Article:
Dr Barry Chesson, Occupational Hygiene Solutions Pty Ltd
So what is Occupational Hygiene? Let’s start with what it’s not. Occupational Hygiene has nothing to do with cleaning urinals in the toilet block of a factory. Admittedly, there is a limited link with personal hygiene practices in that if you work with toxic materials such as lead, pesticides, asbestos or many chemical substances, then the way in which you keep yourself clean and avoid intake of the contaminant is one way of staying healthy. But Occupational Hygiene is much, much more than promoting personal hygiene practices in workplaces where hazardous materials are handled.
Occupational Hygiene may be described as the recognition, evaluation and control of physical, chemical, biological and ergonomic hazards at the workplace. It is a science-based discipline that has a technical component as well as a people component, so it appeals to those who like measuring things as well as interacting with individuals and groups in the workplace to protect health.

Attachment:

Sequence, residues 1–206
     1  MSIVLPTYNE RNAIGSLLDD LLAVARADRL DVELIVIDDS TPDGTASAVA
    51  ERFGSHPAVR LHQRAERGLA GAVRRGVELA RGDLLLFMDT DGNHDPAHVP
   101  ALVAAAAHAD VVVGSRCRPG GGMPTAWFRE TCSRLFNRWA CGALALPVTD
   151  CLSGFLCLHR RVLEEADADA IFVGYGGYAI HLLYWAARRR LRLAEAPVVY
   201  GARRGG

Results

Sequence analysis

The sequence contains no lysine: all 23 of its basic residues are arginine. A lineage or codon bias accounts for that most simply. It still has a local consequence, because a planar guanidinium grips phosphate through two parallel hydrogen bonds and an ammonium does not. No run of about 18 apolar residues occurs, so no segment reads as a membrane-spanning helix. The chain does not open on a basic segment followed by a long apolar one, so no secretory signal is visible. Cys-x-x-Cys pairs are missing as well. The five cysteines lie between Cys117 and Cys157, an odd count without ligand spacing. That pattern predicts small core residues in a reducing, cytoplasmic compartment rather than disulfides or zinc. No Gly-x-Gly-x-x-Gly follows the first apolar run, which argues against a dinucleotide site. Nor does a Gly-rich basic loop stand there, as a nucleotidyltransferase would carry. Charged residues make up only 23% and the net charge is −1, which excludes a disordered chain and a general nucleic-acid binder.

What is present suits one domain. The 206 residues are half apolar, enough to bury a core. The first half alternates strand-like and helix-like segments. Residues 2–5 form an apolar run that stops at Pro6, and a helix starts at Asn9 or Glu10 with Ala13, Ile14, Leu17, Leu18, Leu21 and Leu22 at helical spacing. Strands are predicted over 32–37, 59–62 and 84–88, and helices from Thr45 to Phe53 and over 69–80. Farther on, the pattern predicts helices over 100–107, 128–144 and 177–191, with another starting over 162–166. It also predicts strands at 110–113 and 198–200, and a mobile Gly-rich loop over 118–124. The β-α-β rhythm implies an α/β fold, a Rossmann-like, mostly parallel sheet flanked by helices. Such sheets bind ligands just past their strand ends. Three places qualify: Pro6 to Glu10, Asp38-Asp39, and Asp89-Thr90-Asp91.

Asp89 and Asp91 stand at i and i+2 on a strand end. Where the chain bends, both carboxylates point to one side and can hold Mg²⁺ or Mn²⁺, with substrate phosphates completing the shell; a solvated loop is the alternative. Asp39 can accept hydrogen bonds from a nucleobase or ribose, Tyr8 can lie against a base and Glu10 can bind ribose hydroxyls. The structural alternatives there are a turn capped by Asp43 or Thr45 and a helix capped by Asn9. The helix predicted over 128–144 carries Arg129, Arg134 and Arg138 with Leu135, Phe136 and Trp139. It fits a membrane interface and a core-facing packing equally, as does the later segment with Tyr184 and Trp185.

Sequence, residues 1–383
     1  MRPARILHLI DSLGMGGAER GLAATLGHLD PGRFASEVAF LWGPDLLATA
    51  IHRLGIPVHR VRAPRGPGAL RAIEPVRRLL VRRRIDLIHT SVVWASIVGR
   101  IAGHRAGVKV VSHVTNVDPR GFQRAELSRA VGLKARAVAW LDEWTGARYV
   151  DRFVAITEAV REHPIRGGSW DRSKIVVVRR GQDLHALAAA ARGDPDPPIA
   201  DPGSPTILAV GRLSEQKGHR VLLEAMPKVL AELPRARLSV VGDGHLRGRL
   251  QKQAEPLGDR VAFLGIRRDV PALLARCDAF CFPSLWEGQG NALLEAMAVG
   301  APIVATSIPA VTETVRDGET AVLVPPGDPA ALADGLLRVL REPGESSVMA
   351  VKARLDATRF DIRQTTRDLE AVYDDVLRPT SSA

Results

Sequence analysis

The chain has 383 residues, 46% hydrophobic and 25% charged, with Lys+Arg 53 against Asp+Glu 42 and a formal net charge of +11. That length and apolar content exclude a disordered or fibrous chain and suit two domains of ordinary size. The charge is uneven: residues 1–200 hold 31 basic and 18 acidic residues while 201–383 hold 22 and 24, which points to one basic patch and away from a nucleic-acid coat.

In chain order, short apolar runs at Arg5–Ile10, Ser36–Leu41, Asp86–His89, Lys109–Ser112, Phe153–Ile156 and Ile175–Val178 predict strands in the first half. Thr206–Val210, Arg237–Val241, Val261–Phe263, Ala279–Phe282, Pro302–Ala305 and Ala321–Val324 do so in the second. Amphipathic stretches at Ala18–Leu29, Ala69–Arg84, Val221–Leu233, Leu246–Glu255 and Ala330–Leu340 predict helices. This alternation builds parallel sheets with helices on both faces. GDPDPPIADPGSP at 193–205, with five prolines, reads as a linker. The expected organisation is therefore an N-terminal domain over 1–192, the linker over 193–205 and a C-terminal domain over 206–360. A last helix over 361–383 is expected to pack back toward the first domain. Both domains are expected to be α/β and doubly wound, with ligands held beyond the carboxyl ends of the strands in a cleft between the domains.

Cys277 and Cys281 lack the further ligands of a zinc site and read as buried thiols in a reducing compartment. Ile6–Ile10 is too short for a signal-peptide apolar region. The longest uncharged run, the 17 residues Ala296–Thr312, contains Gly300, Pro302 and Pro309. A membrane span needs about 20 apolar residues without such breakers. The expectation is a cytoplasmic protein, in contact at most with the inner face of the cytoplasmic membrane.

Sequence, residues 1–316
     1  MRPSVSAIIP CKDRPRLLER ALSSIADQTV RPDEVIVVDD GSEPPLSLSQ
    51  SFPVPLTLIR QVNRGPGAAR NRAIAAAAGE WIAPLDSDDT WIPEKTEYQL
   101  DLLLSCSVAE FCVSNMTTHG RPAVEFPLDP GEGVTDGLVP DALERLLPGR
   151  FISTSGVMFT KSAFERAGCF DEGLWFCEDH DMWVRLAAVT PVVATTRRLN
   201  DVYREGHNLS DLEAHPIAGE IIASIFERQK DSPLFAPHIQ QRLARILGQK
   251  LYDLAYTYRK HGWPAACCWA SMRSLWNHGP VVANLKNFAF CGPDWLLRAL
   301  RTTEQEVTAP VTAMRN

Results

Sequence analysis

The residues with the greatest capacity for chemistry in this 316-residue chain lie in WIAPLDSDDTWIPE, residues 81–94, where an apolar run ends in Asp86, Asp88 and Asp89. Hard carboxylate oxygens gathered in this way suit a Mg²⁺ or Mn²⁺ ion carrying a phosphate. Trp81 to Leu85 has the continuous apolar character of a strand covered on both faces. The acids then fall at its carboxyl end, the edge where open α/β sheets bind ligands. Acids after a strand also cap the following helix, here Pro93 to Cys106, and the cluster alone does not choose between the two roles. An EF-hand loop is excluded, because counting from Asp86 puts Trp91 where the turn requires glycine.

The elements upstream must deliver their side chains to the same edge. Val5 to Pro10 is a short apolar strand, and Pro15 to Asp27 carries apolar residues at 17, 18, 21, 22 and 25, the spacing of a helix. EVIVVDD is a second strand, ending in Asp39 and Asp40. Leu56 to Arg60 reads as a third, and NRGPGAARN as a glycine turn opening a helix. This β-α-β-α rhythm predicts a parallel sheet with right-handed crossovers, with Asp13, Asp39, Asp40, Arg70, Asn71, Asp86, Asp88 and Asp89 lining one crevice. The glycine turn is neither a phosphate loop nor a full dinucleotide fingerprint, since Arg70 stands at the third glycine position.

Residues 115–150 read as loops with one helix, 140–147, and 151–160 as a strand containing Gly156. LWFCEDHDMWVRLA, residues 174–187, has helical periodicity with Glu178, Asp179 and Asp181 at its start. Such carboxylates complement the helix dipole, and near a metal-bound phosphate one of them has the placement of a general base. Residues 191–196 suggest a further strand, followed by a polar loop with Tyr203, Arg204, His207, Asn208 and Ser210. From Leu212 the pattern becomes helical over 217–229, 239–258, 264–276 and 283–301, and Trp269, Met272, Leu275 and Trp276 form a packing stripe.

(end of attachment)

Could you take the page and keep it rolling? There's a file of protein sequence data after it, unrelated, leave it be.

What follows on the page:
Occupational Hygienists are usually drawn from backgrounds in engineering, the physical sciences, such as chemistry or physics, or from the biological or environmental sciences. They need well developed problem-solving and communication skills. Those working in industry would typically interact on a daily basis with managers, supervisors, engineers, scientists, safety representatives, environment, health or safety professionals, and other employees. At any time they might be seen carrying out a measurement of a workplace air contaminant, measuring the performance of engineering controls, developing a sampling plan, analysing results, providing training or feedback to a work group, working with engineers on a design issue or seeking to implement administrative or protective equipment controls to protect the health of the workforce.
AREAS OF INTEREST IN OCCUPATIONAL HYGIENE
• Asbestos and fi bres
• Heavy metals
• Chemical hazards
• Biological hazards
• Ionising radiation
• Non-ionising radiation
• Thermal stress
• Ergonomic hazards
• Water quality